Technical Article

# DC/DC Converters: Devices Capable of Converting to Higher or Lower Voltage

July 06, 2022 by Anushree Ramanath

## Buck-Boost converters offer the ability to step-up or step-down the voltage using the same circuit based on the application.

Switch-mode power converters are used extensively in electronics technology across multiple sectors, including industrial, commercial, utility, and consumer markets [1]. For low-power DC/DC conversion-based applications, most modern power conversion is accomplished using three major types of power converters – Buck, Boost, and Buck-Boost.

Buck-Boost converters offer the ability to step-up or step-down the voltage using the same circuit based on the application at hand. Read on to learn more about the basics of Buck-Boost converters and how they work.

### Buck-Boost Converter Basics

The Buck converter steps down the input voltage, whereas the boost converter steps up the input voltage. Both of these converters serve a specific range of applications. However, some applications require both stepping up and stepping down of the input voltage based on certain conditions or to cater to specific operation scenarios. In such cases, it is not ideal to have two converters housed separately [2]. Thus, a Buck-Boost converter circuit can be utilized as it combines elements of a Buck converter and a Boost converter. The circuit diagram of a Buck-Boost converter is shown in Figure 1.

##### Figure 1. Circuit diagram of a Buck-Boost converter. Image property of EETech

A Buck converter typically regulates the input voltage to a value from zero to a little less than the input voltage. Boost converter, on the other hand, the Boost converter switches the circuit between a mode that stores energy in an inductor while the accompanying capacitor discharges to cater to the output requirement and the mode in which the inductor releases the stored energy to recharge the capacitor while maintaining the overall energy balance. Both of these operations are possible in the case of a conventional Buck-Boost converter. Several variants of the basic converter are available to enable operation at low frequencies and high voltage levels. However, the underlying principle is common for all of them.

In simple terms, a Buck-Boost converter can provide a regulated DC output from a power source that is at a voltage level that is either lesser or greater than the output voltage. Several applications require the capability of modulating the input voltage, including energy storage systems like batteries whose input voltages vary widely. This is because of the charging and discharging cycles of the battery. When the battery is fully charged, the voltage across the battery is typically greater than the required output voltage. In such cases, a Buck converter can be used to maintain a steady supply voltage. Similarly, when the battery is discharging, the voltage level decreases leading to a stage where the battery needs to be recharged to be usable.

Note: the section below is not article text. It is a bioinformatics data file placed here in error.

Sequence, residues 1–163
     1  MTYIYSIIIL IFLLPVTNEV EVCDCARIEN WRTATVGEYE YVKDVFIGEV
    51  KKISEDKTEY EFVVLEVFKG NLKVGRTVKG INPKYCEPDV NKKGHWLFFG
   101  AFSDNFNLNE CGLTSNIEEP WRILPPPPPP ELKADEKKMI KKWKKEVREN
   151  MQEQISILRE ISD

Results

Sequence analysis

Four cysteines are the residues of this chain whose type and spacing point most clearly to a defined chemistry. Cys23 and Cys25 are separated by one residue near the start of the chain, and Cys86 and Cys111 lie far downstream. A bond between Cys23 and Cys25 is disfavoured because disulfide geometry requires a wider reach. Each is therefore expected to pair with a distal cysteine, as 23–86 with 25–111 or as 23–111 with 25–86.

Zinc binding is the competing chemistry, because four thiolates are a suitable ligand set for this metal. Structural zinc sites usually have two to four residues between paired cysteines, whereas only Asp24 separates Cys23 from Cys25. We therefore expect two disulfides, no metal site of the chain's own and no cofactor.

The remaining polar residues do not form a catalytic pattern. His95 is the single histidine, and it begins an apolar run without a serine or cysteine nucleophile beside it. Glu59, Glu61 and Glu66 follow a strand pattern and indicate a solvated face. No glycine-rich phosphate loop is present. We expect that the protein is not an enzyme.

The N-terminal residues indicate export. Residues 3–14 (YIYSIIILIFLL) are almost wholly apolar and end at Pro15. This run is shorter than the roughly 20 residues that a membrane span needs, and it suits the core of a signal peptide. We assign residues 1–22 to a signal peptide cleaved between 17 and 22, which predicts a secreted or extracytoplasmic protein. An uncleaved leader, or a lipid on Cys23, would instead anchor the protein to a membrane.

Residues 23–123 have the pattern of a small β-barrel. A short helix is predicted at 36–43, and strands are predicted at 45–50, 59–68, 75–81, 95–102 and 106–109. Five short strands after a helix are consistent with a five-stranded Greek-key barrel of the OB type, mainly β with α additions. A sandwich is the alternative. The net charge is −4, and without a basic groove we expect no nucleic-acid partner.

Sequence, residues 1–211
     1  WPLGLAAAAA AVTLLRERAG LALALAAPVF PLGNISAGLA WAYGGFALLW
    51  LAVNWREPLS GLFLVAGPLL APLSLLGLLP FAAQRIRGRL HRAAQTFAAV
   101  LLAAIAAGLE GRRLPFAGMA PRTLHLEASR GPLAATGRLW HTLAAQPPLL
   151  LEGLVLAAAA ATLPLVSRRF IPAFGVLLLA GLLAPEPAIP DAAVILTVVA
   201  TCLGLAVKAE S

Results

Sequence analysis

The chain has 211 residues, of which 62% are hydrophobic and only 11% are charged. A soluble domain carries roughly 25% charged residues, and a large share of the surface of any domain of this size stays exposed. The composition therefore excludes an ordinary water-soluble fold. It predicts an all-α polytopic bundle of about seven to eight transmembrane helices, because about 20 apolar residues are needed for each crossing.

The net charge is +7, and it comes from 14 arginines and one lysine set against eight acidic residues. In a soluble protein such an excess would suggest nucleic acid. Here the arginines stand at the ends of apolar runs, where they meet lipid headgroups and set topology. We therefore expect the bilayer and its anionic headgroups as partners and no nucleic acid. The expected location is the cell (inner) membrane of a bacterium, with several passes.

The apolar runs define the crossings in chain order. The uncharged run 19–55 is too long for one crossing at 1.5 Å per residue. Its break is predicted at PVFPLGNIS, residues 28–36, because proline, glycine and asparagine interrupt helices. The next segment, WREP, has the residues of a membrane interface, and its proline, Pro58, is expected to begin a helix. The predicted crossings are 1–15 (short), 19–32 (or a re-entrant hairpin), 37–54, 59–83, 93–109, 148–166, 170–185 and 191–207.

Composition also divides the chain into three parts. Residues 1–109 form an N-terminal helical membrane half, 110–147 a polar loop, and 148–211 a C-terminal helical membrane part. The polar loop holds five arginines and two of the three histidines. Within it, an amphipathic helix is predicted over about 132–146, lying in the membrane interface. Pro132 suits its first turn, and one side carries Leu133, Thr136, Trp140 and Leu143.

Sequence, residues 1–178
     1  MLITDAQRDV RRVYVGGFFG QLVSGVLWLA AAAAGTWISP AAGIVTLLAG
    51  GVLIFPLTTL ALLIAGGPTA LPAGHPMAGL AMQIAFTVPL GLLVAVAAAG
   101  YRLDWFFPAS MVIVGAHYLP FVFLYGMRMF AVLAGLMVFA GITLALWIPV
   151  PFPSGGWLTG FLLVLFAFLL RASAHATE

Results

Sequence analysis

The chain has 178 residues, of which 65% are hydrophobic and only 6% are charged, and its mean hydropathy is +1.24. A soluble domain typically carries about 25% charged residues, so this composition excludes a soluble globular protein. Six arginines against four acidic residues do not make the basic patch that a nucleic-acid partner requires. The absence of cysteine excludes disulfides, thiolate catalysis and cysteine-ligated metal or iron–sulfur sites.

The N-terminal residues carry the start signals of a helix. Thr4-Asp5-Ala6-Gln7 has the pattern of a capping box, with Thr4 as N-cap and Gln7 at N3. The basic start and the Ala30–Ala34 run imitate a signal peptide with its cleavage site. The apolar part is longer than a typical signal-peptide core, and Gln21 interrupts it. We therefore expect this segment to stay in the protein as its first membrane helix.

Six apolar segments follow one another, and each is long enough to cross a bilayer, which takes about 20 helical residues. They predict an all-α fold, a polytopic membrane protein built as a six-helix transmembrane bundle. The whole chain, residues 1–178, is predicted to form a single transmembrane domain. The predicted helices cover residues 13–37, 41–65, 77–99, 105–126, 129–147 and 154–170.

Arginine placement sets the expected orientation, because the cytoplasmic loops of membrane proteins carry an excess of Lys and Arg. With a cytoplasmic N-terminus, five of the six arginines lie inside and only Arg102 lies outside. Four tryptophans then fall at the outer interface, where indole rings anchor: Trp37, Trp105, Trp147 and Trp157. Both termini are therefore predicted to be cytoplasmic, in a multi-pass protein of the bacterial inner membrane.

### High-level Buck-Boost Operating Principle

Buck-Boost converter is known to transform a positive DC voltage at the input side to a negative DC voltage at the output side. The conduction state of the switch dictates the operation of the circuit.

During the on-state, the current flowing through the inductor increases linearly. The diode is not conducting. This is shown in Figure 2. During the off-state, the diode conducts the current and the energy transfer occurs from the inductor to the capacitor. This leads to a reduction of inductor current, although the current through the inductor cannot change abruptly [3]. This is illustrated in Figure 3. It is important to note that energy transfer occurs from the inductor to the capacitor resulting in a voltage across the resistor that is of opposite polarity compared to the input voltage.

##### Figure 3. Off-state operation of a Buck-Boost converter. Image property of EETech

During the steady-state operation of the circuit, two modes of operation can be defined based on the inductor current value. If the inductor current never reaches zero, it is termed a continuous conduction mode. However, if the inductor current reaches zero, it operates in discontinuous mode.

The relationship between the input voltage and output voltage for a Buck-Boost converter can be represented by the following equation:

$V_{out} = -DV_{in}/(1-D)$

where D is the duty cycle.

The duty cycle is defined as the percentage of the time the switch is turned on. In other words, the parallel combination of inductor and capacitor forms a second-order low-pass filter that smooths out the switching action while producing a clean DC voltage by reducing the voltage ripple.

### Key Take-aways

• For low-power DC/DC conversion-based applications, most modern power conversion is accomplished using three major types of power converters - Buck, Boost, and Buck-Boost.
• Buck converters step down the input voltage, whereas boost converters step up the input voltage.
• The relationship between the input voltage and output voltage for a Buck-Boost converter can be represented by the following equation: $$V_{out} = -DV_{in}/(1-D)$$.